Walnuts have higher antioxidant activity than any other common nut .
This activity comes from vitamin E, melatonin and plant compounds called polyphenols, which are particularly high in the papery skin of walnuts .A preliminary, small study in healthy adults showed that eating a walnut-rich meal prevented oxidative damage of “bad” LDL cholesterol after eating, whereas a refined-fat meal didn’t .
That’s beneficial because oxidized LDL is prone to build up in your arteries, causing atherosclerosis.
Walnuts are significantly higher in omega-3 fat than any other nut, providing 2.5 grams per 1-ounce (28-gram) serving .
Omega-3 fat from plants, including walnuts, is called alpha-linolenic acid (ALA). It’s an essential fat, meaning you have to get it from your diet.
According to the Institute of Medicine, adequate intake of ALA is 1.6 and 1.1. grams per day for men and women respectively. A single serving of walnuts meets that guideline
Observational studies have shown that each gram of ALA you eat per day lowers your risk of dying from heart disease by 10%
Test-tube, animal and human observational studies suggest that eating walnuts may reduce your risk of certain cancers, including breast, prostate and colorectal cancers
As noted earlier, walnuts are rich in the polyphenol ellagitannins. Certain gut microbes can convert these to compounds called urolithins .
Urolithins can have anti-inflammatory properties in your gut, which may be one way that eating walnuts helps protect against colorectal cancer. Urolithins’ anti-inflammatory actions could also help protect against other cancers .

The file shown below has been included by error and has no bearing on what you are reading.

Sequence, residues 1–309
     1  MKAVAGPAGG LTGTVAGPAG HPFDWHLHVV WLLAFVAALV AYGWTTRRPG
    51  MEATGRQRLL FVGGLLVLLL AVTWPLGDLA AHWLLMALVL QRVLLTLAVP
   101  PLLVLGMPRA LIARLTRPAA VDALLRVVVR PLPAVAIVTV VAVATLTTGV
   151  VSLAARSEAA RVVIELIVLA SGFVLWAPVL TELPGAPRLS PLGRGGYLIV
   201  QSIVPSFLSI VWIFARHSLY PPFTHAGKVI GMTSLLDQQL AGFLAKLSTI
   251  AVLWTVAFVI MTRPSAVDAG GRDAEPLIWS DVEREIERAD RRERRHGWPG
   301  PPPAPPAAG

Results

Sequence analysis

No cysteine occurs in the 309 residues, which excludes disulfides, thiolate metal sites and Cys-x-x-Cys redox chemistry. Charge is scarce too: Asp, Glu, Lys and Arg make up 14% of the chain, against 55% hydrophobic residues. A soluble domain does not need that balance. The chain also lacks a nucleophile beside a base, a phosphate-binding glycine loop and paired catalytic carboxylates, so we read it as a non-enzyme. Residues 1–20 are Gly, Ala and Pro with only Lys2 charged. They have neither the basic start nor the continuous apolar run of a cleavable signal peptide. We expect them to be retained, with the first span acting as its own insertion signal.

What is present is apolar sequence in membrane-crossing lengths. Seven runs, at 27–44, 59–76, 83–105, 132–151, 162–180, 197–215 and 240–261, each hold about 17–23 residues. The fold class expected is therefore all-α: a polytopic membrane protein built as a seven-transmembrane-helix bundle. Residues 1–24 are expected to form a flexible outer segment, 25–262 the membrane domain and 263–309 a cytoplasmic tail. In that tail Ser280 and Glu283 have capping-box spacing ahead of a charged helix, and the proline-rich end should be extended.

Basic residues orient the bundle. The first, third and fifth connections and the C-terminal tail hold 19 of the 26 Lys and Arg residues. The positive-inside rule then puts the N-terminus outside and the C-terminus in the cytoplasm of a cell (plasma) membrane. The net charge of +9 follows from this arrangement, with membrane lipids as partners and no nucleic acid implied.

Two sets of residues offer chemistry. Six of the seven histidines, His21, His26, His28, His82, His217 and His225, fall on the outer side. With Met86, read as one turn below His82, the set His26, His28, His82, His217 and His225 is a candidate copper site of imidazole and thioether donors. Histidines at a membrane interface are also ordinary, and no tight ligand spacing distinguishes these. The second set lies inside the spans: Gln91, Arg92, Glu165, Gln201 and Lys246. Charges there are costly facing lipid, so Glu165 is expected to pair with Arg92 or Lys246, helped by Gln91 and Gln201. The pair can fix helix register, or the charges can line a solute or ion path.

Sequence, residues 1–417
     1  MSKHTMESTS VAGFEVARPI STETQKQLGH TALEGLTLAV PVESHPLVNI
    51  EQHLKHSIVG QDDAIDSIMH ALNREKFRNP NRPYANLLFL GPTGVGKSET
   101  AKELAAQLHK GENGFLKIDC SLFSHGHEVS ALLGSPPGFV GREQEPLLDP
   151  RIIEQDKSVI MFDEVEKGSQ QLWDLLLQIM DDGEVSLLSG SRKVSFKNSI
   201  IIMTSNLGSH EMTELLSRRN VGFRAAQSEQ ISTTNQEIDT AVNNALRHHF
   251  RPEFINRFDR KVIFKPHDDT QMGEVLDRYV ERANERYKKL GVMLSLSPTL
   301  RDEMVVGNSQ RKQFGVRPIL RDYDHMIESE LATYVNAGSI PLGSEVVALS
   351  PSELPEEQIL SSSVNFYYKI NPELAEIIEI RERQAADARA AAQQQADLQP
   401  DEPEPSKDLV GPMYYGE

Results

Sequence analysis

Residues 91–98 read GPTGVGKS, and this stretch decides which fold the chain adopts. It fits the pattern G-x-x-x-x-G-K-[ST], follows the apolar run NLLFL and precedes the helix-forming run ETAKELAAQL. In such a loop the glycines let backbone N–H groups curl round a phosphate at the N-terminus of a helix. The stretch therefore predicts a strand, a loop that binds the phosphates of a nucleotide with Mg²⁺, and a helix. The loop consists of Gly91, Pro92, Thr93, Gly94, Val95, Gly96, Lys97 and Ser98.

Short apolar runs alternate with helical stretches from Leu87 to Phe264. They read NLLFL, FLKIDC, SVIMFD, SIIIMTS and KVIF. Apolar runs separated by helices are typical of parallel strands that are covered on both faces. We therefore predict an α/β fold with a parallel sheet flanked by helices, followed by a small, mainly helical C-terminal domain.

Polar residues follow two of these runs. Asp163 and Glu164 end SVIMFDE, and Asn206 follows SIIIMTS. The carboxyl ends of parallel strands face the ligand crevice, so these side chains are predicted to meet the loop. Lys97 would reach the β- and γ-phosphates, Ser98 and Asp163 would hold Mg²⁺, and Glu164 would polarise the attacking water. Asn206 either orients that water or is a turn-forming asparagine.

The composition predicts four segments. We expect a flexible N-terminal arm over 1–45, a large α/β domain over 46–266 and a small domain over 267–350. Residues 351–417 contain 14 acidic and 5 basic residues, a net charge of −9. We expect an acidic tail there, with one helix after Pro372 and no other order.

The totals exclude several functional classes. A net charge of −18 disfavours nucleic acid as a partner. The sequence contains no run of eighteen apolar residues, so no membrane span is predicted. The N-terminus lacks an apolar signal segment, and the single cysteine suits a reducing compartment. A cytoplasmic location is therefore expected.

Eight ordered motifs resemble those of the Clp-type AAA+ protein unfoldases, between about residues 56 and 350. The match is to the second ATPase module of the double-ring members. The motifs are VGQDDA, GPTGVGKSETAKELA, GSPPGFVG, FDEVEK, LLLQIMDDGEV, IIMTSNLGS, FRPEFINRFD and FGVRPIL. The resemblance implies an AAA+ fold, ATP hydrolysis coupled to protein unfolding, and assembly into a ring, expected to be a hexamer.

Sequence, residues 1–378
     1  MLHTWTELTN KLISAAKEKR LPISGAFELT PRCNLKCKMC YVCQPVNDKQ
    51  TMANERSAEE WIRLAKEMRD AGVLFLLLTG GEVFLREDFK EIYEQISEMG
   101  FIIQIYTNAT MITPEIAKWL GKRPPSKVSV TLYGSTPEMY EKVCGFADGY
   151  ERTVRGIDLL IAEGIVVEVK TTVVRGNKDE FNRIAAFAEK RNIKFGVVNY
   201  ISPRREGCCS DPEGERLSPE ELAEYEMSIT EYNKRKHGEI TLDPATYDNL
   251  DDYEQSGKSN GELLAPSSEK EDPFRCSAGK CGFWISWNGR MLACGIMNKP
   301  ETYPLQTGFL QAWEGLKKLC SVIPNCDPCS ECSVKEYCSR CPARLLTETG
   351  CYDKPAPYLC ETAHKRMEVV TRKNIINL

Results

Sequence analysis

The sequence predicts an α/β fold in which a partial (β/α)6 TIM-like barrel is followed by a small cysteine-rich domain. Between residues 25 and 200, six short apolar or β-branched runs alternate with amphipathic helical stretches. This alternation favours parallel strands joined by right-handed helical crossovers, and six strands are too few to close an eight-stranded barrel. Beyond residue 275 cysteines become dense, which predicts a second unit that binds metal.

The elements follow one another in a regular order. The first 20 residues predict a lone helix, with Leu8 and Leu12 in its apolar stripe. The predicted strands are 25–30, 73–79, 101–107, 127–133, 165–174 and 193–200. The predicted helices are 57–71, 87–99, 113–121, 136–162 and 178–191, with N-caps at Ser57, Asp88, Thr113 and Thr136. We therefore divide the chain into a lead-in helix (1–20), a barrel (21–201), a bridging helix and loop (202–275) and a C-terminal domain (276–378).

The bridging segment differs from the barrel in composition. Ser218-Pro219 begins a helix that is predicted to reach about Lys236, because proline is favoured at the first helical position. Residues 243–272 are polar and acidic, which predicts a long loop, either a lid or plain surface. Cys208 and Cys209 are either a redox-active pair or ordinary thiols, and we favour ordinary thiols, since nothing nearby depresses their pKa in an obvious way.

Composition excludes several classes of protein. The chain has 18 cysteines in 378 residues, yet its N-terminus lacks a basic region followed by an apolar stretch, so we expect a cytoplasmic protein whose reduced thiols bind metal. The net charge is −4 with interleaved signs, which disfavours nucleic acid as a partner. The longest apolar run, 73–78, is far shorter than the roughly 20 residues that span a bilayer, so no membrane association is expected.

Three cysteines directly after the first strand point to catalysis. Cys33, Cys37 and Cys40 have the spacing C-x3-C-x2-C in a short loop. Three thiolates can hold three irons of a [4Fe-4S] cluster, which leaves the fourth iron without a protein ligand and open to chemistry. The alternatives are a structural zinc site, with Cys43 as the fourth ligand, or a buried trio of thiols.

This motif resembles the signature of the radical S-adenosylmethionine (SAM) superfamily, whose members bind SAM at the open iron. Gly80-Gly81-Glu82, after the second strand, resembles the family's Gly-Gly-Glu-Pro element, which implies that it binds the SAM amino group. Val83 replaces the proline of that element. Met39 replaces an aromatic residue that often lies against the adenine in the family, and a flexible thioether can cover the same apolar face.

What’s more, urolithins have hormone-like properties that enable them to block hormone receptors in your body. This may help reduce your risk of hormone-related cancers, specifically breast and prostate cancers .
More human studies are needed to confirm the effects of eating walnuts on decreasing the risk of these and other cancers, as well as to clarify all the ways or mechanisms by which they may help.
Walnuts are calorie dense, but studies suggest that the energy absorbed from them is 21% lower than would be expected based on their nutrients
What’s more, eating walnuts may even help control your appetite.
In a well-controlled study in 10 obese people, drinking a smoothie made with about 1.75 ounces (48 grams) of walnuts once a day for five days decreased appetite and hunger, compared to a placebo drink equal in calories and nutrients
Additionally, after five days of consuming the walnut smoothies, brain scans showed that the participants had increased activation in a region of the brain that helped them resist highly tempting food cues, such as cake and French fries.
Even though larger and longer-term studies are needed, this provides some initial insight as to how walnuts may help control appetite and weight.